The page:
It’s a brand new year and that means time for resolutions and fresh new beginnings. One thing to say goodbye to right now is hoarding. We’ve all seen the current affairs-type stories on neighbourhood hoarders and the many significant issues that arise from this problem, both for the resident themselves as well as potentially their neighbours. With effective rubbish removal in Clemton Park, this need be a problem no longer.
What is “Hoarding”?
Many people enjoy collecting an array of things as their hobby. From books to stamps, figurines to sporting memorabilia, vintage clothing to vinyl records to dolls – people have different interests and collect items for many different reasons. But for some people, collecting can transform into hoarding. And hoarding is a problem.
Hoarding is an expression of a mental illness and a form of the obsessive compulsive disorder.
Hoarding is not the same as collecting. It occurs due to a damaging and unrelenting inability to part with possessions – even if they are useless junk and rubbish like old magazines and newspapers.
There are various levels of hoarding disorder, and a person who experiences it will accumulate as much stuff as they can. The very idea of discarding anything causes them great distress.
- Are excessively attached to material objects, regardless of whether they have any need for them or if they have any actual value
- Collect far too much stuff
- Are often very disorganised (but can, occasionally, be obsessively neat and tidy)
- May spend money simply to acquire more stuff for the sake of having it
Hoarders tend to acquire their stuff in stages:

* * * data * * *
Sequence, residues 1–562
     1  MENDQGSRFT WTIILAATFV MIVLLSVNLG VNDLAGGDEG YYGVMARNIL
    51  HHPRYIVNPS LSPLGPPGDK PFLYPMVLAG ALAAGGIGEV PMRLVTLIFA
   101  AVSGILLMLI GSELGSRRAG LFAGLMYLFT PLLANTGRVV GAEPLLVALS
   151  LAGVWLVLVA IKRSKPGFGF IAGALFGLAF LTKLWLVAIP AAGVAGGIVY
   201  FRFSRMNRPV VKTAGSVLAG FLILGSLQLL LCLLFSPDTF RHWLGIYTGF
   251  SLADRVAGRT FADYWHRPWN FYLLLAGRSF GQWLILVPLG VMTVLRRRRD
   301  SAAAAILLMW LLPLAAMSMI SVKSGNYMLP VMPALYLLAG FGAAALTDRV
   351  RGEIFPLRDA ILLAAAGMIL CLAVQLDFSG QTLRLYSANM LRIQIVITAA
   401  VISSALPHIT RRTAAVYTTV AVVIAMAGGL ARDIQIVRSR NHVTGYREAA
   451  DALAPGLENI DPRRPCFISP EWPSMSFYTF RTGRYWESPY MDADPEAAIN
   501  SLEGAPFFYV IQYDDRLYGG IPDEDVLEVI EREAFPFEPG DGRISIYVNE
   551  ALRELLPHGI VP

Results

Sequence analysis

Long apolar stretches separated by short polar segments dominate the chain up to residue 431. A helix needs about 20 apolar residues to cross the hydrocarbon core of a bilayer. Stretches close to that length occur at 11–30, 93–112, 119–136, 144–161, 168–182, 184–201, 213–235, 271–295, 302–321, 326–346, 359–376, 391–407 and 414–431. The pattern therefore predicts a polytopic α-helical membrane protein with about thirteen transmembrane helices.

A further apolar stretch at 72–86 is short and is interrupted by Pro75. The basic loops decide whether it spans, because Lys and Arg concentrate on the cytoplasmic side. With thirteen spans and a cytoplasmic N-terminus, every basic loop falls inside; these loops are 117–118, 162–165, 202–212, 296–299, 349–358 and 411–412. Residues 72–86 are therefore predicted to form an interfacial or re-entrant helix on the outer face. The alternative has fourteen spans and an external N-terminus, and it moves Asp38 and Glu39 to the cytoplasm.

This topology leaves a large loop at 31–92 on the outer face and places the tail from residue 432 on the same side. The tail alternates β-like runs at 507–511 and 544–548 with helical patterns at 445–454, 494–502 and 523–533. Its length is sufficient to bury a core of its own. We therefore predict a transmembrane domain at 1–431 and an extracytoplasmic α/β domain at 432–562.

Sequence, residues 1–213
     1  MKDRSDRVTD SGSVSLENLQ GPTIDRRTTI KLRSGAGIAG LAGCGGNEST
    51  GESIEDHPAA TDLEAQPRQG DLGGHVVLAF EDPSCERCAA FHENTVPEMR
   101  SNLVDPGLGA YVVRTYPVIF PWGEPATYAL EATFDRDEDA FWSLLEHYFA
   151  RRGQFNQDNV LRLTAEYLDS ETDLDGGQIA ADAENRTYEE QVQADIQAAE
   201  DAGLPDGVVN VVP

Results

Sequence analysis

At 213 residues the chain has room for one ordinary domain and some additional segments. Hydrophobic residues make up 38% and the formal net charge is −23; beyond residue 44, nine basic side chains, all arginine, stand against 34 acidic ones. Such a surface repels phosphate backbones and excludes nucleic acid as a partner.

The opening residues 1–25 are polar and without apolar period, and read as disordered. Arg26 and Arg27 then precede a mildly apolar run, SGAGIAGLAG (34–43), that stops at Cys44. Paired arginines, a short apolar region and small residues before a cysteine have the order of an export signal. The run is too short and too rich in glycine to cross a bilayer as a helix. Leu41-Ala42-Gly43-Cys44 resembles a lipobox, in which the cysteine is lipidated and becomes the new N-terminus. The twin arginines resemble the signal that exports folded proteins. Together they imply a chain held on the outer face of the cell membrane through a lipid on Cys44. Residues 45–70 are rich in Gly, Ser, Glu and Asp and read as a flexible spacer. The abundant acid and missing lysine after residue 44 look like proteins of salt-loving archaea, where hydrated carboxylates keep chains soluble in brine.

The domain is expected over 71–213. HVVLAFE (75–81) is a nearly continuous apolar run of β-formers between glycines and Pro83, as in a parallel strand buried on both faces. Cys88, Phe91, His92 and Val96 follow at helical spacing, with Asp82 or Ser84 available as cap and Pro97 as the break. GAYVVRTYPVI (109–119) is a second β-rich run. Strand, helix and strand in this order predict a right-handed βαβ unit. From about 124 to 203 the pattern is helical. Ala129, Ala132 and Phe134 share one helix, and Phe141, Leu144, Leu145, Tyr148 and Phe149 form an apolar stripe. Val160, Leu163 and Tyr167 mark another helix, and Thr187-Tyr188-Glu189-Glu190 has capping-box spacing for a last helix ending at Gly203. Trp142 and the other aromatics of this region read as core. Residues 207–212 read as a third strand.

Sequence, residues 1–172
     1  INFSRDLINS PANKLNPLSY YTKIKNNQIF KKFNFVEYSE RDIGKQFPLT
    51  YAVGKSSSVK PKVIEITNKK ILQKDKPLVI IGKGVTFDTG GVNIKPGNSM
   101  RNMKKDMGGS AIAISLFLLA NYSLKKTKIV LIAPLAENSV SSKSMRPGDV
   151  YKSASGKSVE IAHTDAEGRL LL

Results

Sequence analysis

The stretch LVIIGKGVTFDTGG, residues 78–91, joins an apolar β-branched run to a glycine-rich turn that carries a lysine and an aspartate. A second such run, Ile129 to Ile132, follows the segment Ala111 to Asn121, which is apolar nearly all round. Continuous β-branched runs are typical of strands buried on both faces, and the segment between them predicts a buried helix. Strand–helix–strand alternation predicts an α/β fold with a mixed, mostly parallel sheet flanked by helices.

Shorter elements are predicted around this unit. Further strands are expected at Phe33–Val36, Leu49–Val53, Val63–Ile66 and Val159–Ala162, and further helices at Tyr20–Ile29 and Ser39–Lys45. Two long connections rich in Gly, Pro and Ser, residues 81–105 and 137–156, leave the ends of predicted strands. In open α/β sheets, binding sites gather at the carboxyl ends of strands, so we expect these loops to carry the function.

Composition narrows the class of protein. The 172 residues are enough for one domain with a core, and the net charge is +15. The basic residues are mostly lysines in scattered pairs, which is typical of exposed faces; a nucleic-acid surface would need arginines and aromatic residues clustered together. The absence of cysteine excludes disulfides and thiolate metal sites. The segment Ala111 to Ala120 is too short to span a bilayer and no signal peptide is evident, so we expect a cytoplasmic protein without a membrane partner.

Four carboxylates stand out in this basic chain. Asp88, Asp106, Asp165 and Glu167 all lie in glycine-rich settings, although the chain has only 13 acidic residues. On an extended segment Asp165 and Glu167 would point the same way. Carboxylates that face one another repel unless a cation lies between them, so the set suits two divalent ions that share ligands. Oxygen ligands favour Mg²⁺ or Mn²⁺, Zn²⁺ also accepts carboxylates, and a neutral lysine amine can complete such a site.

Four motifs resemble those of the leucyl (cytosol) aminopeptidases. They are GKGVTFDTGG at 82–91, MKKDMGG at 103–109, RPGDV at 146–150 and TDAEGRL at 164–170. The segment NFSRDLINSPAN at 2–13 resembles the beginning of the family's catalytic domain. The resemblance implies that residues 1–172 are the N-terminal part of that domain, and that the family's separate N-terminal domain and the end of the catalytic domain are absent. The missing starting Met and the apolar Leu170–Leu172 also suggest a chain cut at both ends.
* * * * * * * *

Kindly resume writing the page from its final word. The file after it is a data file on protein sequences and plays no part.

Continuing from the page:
Clutter is the first stage of hoarding. This is accumulated stuff which is easy to move, for instance being put away in its place. If the items are useful, are being used, and can be discarded easily, there is no problem.
Clots refer to cluttered stuff which isn’t useful or used, but is also not thrown out and remains in place for longer than six months. These are usually messy, but may be kept pathologically neat and tidy. They take up space. Examples of “clots” include things like boxes from moving years ago that are never unpacked; unfinished projects; unwanted purchases; and clean laundry piles which aren’t ever put away.
Clogs are what happens when clots are out of control. This includes things like the spare room which is used only as a dumping ground for unused, unwanted-but-impossible-to-release stuff. The home becomes little more than a storehouse for stuff – and this is a hoard.
Hoarding of any kind is an expression of some form of mental illness and most hoarders will find that therapy can be of a lot of help.
Even minimal hoarders can change their thought patterns and feel good about getting rid of all that accumulated stuff.
Getting rid of unused stuff and rubbish is very liberating and results in a happier, healthier life. When you are ready to have a big clean out, call AA Adonis Rubbish Removals to Clemton Park to help.